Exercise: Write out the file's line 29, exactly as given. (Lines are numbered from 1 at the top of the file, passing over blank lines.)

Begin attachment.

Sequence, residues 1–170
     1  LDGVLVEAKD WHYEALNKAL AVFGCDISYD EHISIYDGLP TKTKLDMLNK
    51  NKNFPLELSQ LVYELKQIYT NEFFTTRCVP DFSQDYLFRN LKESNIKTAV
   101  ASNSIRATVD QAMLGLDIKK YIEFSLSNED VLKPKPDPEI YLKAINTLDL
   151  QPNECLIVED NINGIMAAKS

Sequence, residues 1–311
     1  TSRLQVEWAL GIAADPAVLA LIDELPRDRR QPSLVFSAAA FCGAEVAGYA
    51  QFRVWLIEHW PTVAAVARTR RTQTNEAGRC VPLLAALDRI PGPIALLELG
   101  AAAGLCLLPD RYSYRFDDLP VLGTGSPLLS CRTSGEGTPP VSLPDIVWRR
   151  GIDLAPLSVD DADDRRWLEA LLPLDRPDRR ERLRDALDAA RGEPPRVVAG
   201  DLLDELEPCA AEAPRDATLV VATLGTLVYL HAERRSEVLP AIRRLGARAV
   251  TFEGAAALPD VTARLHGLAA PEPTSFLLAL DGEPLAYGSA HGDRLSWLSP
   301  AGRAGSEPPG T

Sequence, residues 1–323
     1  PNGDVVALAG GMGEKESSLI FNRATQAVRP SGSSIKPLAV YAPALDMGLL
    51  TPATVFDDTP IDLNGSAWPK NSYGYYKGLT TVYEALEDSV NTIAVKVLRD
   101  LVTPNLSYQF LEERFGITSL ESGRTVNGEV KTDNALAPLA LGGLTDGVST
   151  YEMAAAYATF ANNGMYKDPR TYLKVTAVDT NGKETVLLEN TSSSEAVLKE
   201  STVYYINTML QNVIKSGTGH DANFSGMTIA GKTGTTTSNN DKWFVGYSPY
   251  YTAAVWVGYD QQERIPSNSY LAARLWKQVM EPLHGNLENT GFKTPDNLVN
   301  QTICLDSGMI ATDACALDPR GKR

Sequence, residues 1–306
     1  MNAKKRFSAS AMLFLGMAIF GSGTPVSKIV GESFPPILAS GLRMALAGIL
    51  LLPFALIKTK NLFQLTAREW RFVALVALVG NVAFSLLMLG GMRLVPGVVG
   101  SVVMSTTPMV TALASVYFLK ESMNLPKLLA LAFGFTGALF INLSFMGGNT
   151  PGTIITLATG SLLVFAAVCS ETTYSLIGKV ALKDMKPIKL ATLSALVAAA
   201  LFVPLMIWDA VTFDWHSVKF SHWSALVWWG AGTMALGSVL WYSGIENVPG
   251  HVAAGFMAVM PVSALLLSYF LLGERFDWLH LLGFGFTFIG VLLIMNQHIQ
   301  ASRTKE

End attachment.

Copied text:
   301  ASRTKE